To be honest, most people have never had a definite time, place, and day to accept Jesus once and for all into their hearts. If this has ever happened to you, you would remember it! If you were to die unforgiven as you are, where does the Bible say you would go? Is that what you want?

You can be forgiven now.

For whosoever shall call upon the name of the Lord shall be saved. – Romans 10:13

If Jesus was willing to take you just as you are, wouldn’t you be willing to take Him, “just as He is”? Just ask Him now.

Right now, in your own words, pray and ask God to forgive you for being a sinner and to save you from Hell in Jesus’name.

These things have I written unto you that believe on the name of the Son of God; that ye may know that ye have eternal life, and that ye may believe on the name of the Son of God. – 1 John 5:13 KJV

What a promise!

Please let me know about your decision to receive Jesus Christ as your Saviour so I can pray for you and help you from here!

Your relationship with God is actually the most important thing about you. That relationship will determine just about everything else in your life, even more than your education and occupation. Because your relationship with God must be right, you need to be in the right church to grow in Christ. Straight-from-the-Bible preaching is essential! It will instruct, guide, encourage, and challenge you to be all you can for the Lord! If you need help finding such a church, please send me a message and I will do what I can!

Whosoever means Whooo-Soooo-Ever!

(This is from a 2011 blog that still applies.)

A friend of mine asked me today to remember her in prayer. Of course, I am always happy to do so, but she implies that God’s ear is more inclined

(or should I say, declined)

to hear my prayers.

Her request reminded me of a conversation I had with another friend, Donna, just yesterday. I’m pretty sure Donna won’t mind if I share it with you:

DDH: Good Morning, Friends! Hope each of you are happy and have a deep settled peace and joy within you today~~ if not, please allow me to pray for you, I am no one special, but any of us can go to God in prayer, the Word says He hears the sincere cries of our hearts – and that means ANY of us 🙂 ~ know that Jesus will fill the difficult places of your life with His peace, and yes, even with His joy~~ Blessings and love to each of you~~ ♥ 🙂

Here is my reply to Donna:

KCB: Love this! So many people ask me to pray for them, as if I have a special connection to God. Well, I do! But so does anyone who calls upon the Lord!

There are many many many verses that support what I said to her, including:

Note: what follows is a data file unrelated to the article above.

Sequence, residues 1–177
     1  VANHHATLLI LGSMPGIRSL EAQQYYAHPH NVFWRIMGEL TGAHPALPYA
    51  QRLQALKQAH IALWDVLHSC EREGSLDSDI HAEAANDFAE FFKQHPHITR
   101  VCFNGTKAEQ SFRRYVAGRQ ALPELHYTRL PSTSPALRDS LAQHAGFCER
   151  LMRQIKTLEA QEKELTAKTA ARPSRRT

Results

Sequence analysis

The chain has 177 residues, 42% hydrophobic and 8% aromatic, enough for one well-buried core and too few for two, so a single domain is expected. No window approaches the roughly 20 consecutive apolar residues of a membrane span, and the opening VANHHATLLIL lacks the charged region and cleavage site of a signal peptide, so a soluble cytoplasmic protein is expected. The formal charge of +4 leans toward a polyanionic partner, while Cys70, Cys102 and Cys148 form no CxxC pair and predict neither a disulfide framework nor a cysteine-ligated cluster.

Joel 2:32 And it shall come to pass, [that] whosoever shall call on the name of the LORD shall be delivered: for in mount Zion and in Jerusalem shall be deliverance, as the LORD hath said, and in the remnant whom the LORD shall call.

Acts 2:21 And it shall come to pass, [that] whosoever shall call on the name of the Lord shall be saved.

Romans 10:13 For whosoever shall call upon the name of the Lord shall be saved.

I’m not special! But yet, you and I are both special to God! So SPEAK UP! God hears you!

 

Kneeeeee Mail!

I don’t know about you, but I tend to save things in my inbox to prompt me to remember stuff. Of course, it gets cumbersome after a while and I end up deleting the whole pile, wondering why I saved it in the first place.

One such email came from Dayspring.com, which is where I used to get and send a lot of email cards to friends – encouragement, birthday cards, and the like. Well, on a particularly stressful, sad day I received one with the subject line, “Your Worth Is Beyond Measure.”

Wow.

I received that on July 27, and it still gives me chills.

See, I have a friend who says that she lived with depression for most of her life. And the difference for her was discovering her value to God. “More than rubies!” She says.

And shortly before I got that email, she’d reminded me of that. “More than rubies!”

Only, I can’t seem to get that from my head to my heart.

And just writing that makes me cry.

So, I’ve kept the email, and as many emails as I’ve deleted, that one stays. Lord, help me to “get” that. I know You love me. But man… life is really hard sometimes.

My depression is more an energy thing, than a sadness thing. I am not “sad.” I’m frozen.

But, at times, yes I am sad.

Take this email:

Hello,

We’re the __________ a caring facility that provides specialized diagnosis and treatment services for children, adolescents and adults suffering from a wide range of psychiatric and addiction challenges. We’re contacting you regarding a challenging career opportunity for a very special, compassionate Registered Nurse who wants to work in our _______________ location where he or she can dramatically impact the lives of those in need.

Yes, I am an RN, and that advertisement came out of the blue to my inbox.

It made me sad.

I saved it until I could write this blog without tears.

Yea, nice try. (sniff)

You see, years ago, that ad would have been one to make me leap up with joy, and send off my resume without hesitation.